Education dept. faculty search revives controversy
The fight over the future of the education department didn't end with the administration's decision last year not to eliminate the program, as was previously considered.
Nor did it end when the administration promised to inject new funds into the struggling department.
Instead, the debate persists, albeit in the less visible arena of faculty hiring -- a typically low profile, highly personal area, but one that will likely determine the future of the education program at the College.
With the formation this fall of a search committee for new education faculty, the process of composing a revamped department has proven no less controversial than the process of deciding whether or not the department should continue at the College in the first place.
Last night, the Student Assembly passed a resolution that objects to the current composition and intent of the search committee, requests a voting or nonvoting student on the hiring board and asks that a public forum be held on the future of the education program.
In an amendment to the original resolution, the Assembly said the committee should give greater consideration to candidates' teaching skills -- and not the abilities of the candidates to attract research funds.
And just in case the stakes of the search committee's deliberations go unnoticed, the New Hampshire section of The Boston Globe is writing an article on the search process.
"I'm kind of lost right now as to why people are so upset," Dean of the Faculty Ed Berger said.
What worries proponents of the education department is the direction the search committee might be taking. They say the committee is placing too much emphasis on the psychology and economics of education, and not enough on the discipline of education itself.
They also say the committee values candidates' abilities to attract research funding and produce prominent scholarship more than it values their teaching skills.
"It's good they're trying to build the education department, but the question is how that happens," said Assembly President Jorge Miranda '01, who has spearheaded the Assembly's response. "We all want to see it build on its strengths, not the strengths of the psychology or economics department."
But Associate Dean of the Social Sciences David Blanchflower, who is heading the search committee, said the group's goals do not conflict with the improvement of the education program.
"My view is that [teaching and research] are not inconsistent with each other," he said.
He said that for reasons of confidentiality he could not comment on the qualities his committee is looking for in candidates, and that he could not say whether the committee is leaning toward candidates who are strong in teacher preparation or in the social science of education.
What Blanchflower did specify, however, is that he is leaning toward "tenure-track people who are going to do a lot of research about how kids learn; all these things are really important and that's where the research frontiers are."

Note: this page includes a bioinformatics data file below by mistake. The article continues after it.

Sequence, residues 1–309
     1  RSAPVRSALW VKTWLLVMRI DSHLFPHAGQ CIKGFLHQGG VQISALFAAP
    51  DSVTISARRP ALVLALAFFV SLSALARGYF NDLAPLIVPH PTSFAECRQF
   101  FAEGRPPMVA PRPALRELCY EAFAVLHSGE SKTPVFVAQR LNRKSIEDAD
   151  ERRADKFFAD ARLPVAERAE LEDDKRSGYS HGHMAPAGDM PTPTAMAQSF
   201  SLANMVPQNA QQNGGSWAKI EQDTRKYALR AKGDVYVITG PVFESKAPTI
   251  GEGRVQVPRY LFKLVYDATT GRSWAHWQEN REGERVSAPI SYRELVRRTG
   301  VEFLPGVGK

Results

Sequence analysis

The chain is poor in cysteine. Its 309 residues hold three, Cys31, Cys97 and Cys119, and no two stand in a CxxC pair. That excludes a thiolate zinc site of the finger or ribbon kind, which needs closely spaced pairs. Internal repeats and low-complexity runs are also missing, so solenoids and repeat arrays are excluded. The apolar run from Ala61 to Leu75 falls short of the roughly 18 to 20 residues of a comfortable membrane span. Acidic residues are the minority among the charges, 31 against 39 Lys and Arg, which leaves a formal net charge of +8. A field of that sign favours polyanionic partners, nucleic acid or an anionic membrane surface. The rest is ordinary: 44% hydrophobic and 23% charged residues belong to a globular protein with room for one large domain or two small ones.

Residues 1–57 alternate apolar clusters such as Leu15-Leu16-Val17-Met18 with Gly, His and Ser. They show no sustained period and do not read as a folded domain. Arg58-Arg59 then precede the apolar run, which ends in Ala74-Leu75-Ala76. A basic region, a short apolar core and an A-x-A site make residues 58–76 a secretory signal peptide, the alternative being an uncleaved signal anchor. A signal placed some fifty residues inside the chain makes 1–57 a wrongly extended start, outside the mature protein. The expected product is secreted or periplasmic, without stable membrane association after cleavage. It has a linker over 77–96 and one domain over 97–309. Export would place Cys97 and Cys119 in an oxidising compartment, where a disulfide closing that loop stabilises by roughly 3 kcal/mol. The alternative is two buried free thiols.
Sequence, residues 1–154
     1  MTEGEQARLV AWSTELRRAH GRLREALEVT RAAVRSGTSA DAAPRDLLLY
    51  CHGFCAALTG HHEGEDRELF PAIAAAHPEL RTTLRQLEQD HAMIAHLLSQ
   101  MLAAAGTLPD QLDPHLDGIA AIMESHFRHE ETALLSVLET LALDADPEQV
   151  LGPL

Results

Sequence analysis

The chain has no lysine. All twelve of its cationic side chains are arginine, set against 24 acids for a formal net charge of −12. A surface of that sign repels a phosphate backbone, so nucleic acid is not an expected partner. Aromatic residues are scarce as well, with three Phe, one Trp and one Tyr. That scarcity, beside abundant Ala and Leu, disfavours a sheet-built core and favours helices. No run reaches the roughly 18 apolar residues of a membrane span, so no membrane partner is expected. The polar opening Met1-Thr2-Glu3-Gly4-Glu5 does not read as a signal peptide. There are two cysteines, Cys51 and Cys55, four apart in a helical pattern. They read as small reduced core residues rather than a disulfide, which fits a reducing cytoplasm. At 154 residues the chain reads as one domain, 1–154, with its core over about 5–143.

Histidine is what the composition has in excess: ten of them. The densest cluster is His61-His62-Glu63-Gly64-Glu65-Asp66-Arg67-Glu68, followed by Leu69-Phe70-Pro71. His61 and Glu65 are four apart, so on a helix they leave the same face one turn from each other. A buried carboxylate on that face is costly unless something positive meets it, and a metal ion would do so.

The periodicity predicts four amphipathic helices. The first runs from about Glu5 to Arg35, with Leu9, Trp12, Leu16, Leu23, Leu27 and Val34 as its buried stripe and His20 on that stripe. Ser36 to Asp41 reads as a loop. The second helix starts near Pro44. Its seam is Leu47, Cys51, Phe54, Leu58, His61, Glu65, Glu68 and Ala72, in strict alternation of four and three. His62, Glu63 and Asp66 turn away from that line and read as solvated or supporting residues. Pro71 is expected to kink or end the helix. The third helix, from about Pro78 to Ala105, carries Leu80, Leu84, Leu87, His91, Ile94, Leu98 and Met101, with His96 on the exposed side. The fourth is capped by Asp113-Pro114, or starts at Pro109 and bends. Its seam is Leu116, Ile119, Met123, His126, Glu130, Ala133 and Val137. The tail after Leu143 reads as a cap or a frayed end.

Indeed, the official advertisement for the new position does not stress a need for faculty with experience in such areas as public education and teacher preparation.
"Senior candidates should be nationally visible scholars who have made specific contributions to their fields and have a history of extramural funding. We are particularly interested in candidates whose research interests link to other areas of strength at Dartmouth College," reads the advertisement placed in the Chronicle of Higher Education.
But underlying the current controversy is the education department's historically awkward position at the College.
In both 1993 and 1996, administrative reports called for the program's elimination. At the time of the second report, the department was kept alive when more than 300 students gathered in Dartmouth Hall in support of its continuation.
Then last year, a panel of external experts in education reviewed Dartmouth's program, after which they issued a report praising the department and calling for its strengthening.
One major difference between the first two reports and the most recent one is that the earlier reports were compiled by non-education Dartmouth faculty who had little experience in the field.
But also at play in the external committee's positive findings were changes within the department. While the program's place in a liberal arts institution was previously questioned, the department had since streamlined its curriculum, devised an off-campus teaching program in the Marshall Islands and forged partnerships with area school districts.
Specifically, the external committee's report suggested that Dartmouth hire three new tenure-track professors -- one in developmental psychology, one in teacher education and one with a specialty in math and science.
Also a cause of the current debate over the hiring committee is the composition of the committee itself. Of the six faculty who are heading the search process, all the voting participants are white males. While there is one female on the committee, she does not have tenure and therefore cannot vote on a senior level appointment.
"Do I regret that we have not been able to attract a single tenured woman on the committee? Absolutely. Do I regret that we don't have a single minority member on the committee? Absolutely," said committee member, Chair of the Education Department Andrew Garrod.
"I'm not saying that they won't be able to select a very fine person," he continued. "But appearances do matter."
The Assembly's resolution elicited a particularly lively debate at last night's meeting. Prior to the vote, Miranda urged members to consider the measure carefully, and it only passed along narrow lines.